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“Simply the best novel of the 1960s”


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Pre-order the fourth and final book of the World Made By Hand series.

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JHK’s Three-Act Play, Big Slide
A log mansion in the Adirondack Mountains…
A big family on the run…
A nation in peril…
Visit the Big Slide Page to order, perform, or see sample scenes.

 


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Ho ho ho! It’s that time of year again. Here’s JHK’s holiday classic: A Christmas Orphan.

11-year-old Jeff Greenaway hears his mom and dad argue one night after an office Christmas party. He infers from their garbled squabble that he is an orphan, found in a willow basket on the welcome mat outside their New York apartment. Thinking now that his parents are imposters, he steals away to Grand Central Station and buys a train ticket to Drakesville, Vermont, where he intends to start life all over again.
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JHK’s lost classic now reprinted as an e-book
Kindle edition only


 

The Geography of Nowhere

The Geography of Nowhere, my first non-fiction book on the tragic sprawlscape of cartoon architecture, junked cities, and ravaged countryside where we live and work. I argued that the mess we’ve made of our everyday environment was not merely the symptom of a troubled culture, but one of the primary causes of our troubles. “We more »

The Geography of NowhereThe Geography of Nowhere, my first non-fiction book on the tragic sprawlscape of cartoon architecture, junked cities, and ravaged countryside where we live and work. I argued that the mess we’ve made of our everyday environment was not merely the symptom of a troubled culture, but one of the primary causes of our troubles. “We created a landscape of scary places, and we became a nation of scary people.”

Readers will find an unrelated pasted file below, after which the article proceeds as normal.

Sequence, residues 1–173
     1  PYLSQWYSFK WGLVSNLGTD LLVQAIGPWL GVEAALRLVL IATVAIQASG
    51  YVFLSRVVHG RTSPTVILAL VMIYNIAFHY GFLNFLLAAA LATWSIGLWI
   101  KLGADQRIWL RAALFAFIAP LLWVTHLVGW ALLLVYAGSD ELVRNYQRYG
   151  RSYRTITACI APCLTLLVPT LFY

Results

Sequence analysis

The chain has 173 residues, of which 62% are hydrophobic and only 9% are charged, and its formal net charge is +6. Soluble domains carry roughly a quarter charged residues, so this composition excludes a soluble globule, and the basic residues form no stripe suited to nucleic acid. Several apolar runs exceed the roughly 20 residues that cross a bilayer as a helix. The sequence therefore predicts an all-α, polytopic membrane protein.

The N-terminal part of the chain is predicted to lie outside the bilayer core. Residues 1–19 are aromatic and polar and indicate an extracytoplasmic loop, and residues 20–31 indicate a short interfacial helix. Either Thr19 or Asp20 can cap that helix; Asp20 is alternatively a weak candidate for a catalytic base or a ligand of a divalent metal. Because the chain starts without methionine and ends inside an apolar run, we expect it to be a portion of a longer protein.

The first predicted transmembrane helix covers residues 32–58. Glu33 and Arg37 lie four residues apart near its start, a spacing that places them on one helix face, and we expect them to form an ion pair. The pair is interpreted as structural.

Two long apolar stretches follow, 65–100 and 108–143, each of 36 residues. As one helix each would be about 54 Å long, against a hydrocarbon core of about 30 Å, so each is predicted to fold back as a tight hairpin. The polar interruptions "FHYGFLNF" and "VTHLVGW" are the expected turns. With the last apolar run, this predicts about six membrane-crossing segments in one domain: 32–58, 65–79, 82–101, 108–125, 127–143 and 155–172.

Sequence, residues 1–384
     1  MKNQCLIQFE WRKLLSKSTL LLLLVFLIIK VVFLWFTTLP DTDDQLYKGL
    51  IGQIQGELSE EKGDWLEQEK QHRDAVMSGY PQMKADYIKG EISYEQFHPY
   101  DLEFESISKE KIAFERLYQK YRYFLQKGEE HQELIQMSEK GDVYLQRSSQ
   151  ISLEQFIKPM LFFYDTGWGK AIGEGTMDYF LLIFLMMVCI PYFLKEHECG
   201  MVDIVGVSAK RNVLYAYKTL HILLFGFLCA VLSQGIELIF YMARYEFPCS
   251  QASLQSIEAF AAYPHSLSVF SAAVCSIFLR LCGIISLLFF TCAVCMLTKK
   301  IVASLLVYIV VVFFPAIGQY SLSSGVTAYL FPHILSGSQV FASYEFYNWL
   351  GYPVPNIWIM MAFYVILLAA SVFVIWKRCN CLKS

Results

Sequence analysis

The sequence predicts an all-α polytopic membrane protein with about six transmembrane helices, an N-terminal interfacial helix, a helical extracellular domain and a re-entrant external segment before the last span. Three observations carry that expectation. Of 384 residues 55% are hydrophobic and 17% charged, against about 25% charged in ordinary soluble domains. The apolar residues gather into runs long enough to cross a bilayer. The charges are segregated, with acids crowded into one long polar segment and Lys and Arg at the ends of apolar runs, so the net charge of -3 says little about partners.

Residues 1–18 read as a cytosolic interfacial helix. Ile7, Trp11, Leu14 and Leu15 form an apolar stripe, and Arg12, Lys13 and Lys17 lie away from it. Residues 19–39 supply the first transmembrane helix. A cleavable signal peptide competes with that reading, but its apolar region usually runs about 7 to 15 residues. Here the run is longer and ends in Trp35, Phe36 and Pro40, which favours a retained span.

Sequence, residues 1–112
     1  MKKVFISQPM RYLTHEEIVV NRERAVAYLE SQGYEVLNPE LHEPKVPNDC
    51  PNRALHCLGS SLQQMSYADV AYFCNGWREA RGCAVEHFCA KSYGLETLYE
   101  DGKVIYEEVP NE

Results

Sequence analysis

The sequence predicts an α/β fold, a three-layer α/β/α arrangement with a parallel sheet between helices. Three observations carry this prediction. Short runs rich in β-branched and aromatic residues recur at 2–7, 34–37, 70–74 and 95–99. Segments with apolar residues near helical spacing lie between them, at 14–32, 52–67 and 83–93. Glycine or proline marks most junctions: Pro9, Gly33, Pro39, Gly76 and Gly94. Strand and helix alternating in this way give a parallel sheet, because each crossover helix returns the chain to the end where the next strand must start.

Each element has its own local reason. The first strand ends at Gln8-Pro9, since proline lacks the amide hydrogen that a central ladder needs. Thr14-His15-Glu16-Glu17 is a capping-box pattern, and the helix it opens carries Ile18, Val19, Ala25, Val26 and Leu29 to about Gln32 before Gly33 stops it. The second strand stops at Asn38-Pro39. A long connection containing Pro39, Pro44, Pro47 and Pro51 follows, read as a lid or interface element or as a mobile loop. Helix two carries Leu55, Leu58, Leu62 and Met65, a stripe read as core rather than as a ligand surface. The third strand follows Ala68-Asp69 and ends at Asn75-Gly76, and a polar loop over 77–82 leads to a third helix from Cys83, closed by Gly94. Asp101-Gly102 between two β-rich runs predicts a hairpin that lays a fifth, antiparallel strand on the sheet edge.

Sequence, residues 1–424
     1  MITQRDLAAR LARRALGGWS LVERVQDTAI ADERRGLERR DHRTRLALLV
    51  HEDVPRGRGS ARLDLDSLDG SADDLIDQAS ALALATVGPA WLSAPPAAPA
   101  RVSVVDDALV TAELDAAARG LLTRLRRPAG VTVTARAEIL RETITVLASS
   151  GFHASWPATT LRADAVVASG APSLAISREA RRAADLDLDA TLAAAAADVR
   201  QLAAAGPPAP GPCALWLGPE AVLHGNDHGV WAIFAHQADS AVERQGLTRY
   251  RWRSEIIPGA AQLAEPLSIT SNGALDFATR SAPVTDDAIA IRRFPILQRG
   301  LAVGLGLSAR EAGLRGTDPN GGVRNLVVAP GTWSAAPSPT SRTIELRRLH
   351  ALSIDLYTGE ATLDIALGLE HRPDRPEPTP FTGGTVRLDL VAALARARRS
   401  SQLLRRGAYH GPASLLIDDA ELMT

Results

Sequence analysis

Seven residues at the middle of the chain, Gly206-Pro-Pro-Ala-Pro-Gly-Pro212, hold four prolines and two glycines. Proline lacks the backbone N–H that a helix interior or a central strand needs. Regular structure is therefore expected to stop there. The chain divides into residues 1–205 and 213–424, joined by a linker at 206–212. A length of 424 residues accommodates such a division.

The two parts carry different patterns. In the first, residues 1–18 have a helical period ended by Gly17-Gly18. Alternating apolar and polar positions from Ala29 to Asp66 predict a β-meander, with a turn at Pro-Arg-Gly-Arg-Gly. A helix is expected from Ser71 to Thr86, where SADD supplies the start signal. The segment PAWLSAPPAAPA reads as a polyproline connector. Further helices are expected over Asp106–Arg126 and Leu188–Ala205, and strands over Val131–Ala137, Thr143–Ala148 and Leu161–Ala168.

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About James Howard Kunstler

View all posts by James Howard Kunstler
James Howard Kunstler is the author of many books including (non-fiction) The Geography of Nowhere, The City in Mind: Notes on the Urban Condition, Home from Nowhere, The Long Emergency, and Too Much Magic: Wishful Thinking, Technology and the Fate of the Nation. His novels include World Made By Hand, The Witch of Hebron, Maggie Darling — A Modern Romance, The Halloween Ball, an Embarrassment of Riches, and many others. He has published three novellas with Water Street Press: Manhattan Gothic, A Christmas Orphan, and The Flight of Mehetabel.

Trackbacks/Pingbacks

  1. a long path | Brain Noise - August 13, 2013

    […] by Andres Duany, Elizabeth Plater-Zyberk and Jeff Speck, and a trio of books by James Kunstler, The Geography of Nowhere, Home From Nowhere, and The City in […]

  2. Film - Peak Oil and The End of Suburbia - City Clock - June 20, 2014

    […]  An investment bank with expertise in the energy sector.  Also of particular note, author of The Geography of Nowhere, James Howard Kunstler is a prominent subject in this film. Take a look at the trailer and / or […]

  3. Public Health Study: Proximity to Sprawl Affects Walkability | Miami Geographic - July 1, 2014

    […] This is nothing new, of course. We’re all well-acquainted with the geography of American suburbia, or, as Howard Kunslter describes it, the geography of nowhere. […]

  4. Interview with Josh Paget, Director of the New Urbanism Film Festival | Streetsblog Los Angeles - October 21, 2014

    […] recommended that I read the The Geography of Nowhere by James Howard Kunstler. I got hooked on urbanism from that angle: How does this affect me? I started a book group with my […]

  5. When the suburbs had soul: Column - People's News Now - March 6, 2015

    […] oppression in the pseudo-colonial home models the station wagons and golden retrievers. It was "the geography of nowhere." But if like me you grew up in a suburb in the 1960s or 1970s it was likely that you had a good […]

  6. Weekend Reading 2/26/16 | Sightline Institute - February 26, 2016

    […] of his blog, Clusterf*** Nation—is not for everyone. Yet there is no denying that his 1993 Geography of Nowhere is an all time classic in the city builder […]

  7. Culture Where You Least Expect It: Urban Planning Lessons from the MALL of Cookeville, TN /  The Manic American - November 13, 2016

    […] Howard Kunstler, author of the seminal Geography of Nowhere, is perhaps America’s most outspoken critic of big-box architecture. His core argument is […]